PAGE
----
You had to understand two key points to get this solution:
1. You can't have all the integers in size order. A stream must have
a definite first element! There's no smallest negative integer. Some
people tried to REVERSE the stream of integers; that's meaningless.
2. You can't APPENDSTREAMS two infinite streams. This is explained
in the handout you got in lecture. Since the first stream will never
finish, it's as if the second stream isn't there at all! (A few people
used MERGE, which works for two sorted, increasing streams, but not
in a case like this where one stream is growing up and one growing down.)
There were many other correct solutions, most of which essentially
reinvented INTERLEAVE. Special mention for the following beautiful
solution (which the student unfortunately didn't get quite right):
(define zerosones (consstream 0 (consstream 1 zerosones)))
(define allintegers (subtractstreams zerosones
(consstream 0 allintegers)))
where subtractstreams is like addstreams with the obvious difference.
Work this out to convince yourself that it really works!
Scoring:
4 correct
3 small mistakes, like leaving out zero
2 appendstream etc.
1 stream of streams, like (consstream negatives positives)
0 not a stream at all
I've heard from several students who think that the streamofstreams
solution was graded too harshly. Here's the reasoning behind this
grading policy: Most errors come from uncertainty about how to
implement an infinite stream successfully. But this error indicates
a misunderstanding about what the stream abstraction is for! Think
about the example of testing whether a number is prime. We create
a stream containing a range of numbers (range 2 14) and then we use
that as an argument to FILTER:
(filter (lambda (number) (= (remainder 15 number) 0))
(range 2 14))
If RANGE returned a stream of streams, then this FILTER wouldn't
work, because the elements of the stream wouldn't be numbers! So,
even though the problem said "a stream containing all the integers"
instead of "a stream containing all the integers, in which each
element is a single integer," it's unreasonable to think that a
stream whose elements aren't numbers would be acceptable.
4. Hyperspace
(defineclass (hyperspace name)
(parent (place name))
(classvars (allhyperspaces '()))
(initialize (set! allhyperspaces (cons self allhyperspaces)))
(method (enter who)
(usual 'enter who)
(if (coinheads?)
(ask who 'godirectlyto (chooserandomly allhyperspaces)))))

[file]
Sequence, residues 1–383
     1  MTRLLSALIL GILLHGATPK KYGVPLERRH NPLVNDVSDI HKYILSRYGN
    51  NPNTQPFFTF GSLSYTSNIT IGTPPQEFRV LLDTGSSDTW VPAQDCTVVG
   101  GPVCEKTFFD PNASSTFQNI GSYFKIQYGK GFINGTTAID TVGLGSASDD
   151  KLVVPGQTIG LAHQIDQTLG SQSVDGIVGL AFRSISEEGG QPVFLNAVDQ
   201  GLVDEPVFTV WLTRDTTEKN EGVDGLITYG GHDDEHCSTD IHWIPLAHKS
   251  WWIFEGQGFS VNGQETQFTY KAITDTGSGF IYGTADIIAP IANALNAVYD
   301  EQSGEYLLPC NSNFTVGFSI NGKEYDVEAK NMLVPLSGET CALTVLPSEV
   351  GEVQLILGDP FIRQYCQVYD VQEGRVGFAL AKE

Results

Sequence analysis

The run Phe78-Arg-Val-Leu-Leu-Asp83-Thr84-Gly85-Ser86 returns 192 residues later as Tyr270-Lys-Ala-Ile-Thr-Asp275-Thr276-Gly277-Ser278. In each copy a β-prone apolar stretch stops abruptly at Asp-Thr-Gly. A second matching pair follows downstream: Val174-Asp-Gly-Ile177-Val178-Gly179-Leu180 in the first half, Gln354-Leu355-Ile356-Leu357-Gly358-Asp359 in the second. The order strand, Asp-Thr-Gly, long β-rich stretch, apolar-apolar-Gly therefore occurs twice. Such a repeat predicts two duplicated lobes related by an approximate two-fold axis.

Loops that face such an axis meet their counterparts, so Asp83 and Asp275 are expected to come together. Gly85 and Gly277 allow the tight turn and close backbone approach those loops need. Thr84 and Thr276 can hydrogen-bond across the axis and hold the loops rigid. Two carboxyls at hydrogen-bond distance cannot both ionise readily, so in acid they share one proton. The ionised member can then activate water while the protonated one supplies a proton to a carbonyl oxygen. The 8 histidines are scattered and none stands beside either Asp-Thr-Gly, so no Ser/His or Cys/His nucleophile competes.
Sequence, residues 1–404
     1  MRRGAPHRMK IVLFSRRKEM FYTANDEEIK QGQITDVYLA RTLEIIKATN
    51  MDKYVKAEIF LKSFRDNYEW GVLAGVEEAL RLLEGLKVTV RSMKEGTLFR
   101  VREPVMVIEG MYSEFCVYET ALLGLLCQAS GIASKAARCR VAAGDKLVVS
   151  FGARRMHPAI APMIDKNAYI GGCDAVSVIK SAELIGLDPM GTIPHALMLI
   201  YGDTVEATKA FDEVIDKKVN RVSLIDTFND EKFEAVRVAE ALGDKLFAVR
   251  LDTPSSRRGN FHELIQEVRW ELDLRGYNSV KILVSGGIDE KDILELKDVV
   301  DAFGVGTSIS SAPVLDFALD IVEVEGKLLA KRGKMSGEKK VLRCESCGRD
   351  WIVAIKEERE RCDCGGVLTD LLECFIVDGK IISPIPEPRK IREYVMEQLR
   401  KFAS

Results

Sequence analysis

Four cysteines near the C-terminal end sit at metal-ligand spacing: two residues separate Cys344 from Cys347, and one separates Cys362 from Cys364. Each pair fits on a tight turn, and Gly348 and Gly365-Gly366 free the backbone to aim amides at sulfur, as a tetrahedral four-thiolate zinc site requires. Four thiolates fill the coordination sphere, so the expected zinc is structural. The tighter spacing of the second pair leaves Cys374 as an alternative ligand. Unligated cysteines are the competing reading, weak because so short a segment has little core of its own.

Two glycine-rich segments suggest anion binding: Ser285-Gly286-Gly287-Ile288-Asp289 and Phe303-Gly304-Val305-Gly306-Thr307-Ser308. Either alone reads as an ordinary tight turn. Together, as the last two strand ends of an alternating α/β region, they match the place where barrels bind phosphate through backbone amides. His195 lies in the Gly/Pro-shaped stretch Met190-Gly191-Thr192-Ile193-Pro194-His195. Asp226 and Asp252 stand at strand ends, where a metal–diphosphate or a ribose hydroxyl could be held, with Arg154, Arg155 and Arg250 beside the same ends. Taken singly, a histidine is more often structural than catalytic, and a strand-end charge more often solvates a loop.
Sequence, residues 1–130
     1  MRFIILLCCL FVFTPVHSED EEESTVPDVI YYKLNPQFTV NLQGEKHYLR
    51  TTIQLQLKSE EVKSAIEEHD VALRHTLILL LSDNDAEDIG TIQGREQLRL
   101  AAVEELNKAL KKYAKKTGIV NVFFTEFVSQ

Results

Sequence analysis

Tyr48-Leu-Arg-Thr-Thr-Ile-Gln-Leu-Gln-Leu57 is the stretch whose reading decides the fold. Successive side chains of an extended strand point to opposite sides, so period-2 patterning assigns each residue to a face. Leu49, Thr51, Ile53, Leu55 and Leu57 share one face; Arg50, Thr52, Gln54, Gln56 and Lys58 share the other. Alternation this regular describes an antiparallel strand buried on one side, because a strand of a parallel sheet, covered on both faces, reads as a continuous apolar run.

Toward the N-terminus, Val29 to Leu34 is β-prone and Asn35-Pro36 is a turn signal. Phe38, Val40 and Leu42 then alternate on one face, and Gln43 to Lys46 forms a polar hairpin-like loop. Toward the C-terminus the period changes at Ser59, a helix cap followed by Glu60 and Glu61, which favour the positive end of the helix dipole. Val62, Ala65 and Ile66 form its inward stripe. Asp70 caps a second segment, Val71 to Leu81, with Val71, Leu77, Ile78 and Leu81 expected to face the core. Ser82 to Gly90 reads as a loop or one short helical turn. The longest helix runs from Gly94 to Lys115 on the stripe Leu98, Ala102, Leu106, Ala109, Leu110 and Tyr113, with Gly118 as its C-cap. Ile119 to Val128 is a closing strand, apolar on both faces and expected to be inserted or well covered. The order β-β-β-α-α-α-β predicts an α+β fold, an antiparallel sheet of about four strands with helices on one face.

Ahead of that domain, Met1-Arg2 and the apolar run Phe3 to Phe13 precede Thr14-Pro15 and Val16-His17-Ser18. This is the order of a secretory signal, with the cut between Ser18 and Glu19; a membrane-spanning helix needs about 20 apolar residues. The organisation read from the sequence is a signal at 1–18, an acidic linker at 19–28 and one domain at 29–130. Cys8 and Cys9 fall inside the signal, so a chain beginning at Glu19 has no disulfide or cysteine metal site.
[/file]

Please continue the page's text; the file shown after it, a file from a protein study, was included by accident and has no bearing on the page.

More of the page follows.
It's important that we specialize the ENTER method rather than the
APPEAR method. When APPEAR is invoked, the person hasn't entirely
entered the place yet; in particular, the person's PLACE variable
doesn't reflect where the person actually is.
The overall grading scheme was this:
4 OK
3 You don't understand the specific classes in the project.
2 You don't understand message passing in general.
1 You don't even inherit from the PLACE class.
0 Even worse.
Typical examples:
3 Copied code from PLACE class's ENTER instead of using USUAL.
Didn't SET! the class variable.
Used a global variable instead of a class variable.
Tried to use APPEAR instead of ENTER and didn't quite manage.
2 No initialization at all.
Tried to use messages with wrong number of arguments.
Tried to set variables in other objects directly instead of
sending the object a message.
Made a list of *names* of hyperspace objects instead of a
list of the actual objects.
Group problem:
____________________
G: 

<+
 
everynth > OO
 p: num, lst
____________________ b: (define ...) (help ...)
^



_____________________
E1: 

num = 2 
lst = (she loves you) 
<+
 
help > OO
 p: lst, pos
______________________ b: (cond ...)
^



_____________________
E2: 

lst = (she loves you) 
pos = 1 
______________________
______________________
E3: 

lst = (loves you) > E1
pos = 2 
______________________
______________________
E4: 

lst = (you) > E1
pos = 3 
______________________
______________________
E5: 

lst = () > E1
pos = 4 
______________________
The crucial point is that all of the frames E2 through E5 point back
to E1, not to each other. (Not, for example, E4 to E3.) That's the
meaning of lexical scope.
Scoring:
4 OK.
3 Lexically scoped but with some errors.
2 Correctly dynamically scoped.
1 Dynamically scoped with additional errors (or no E3E5).
0 Even worse.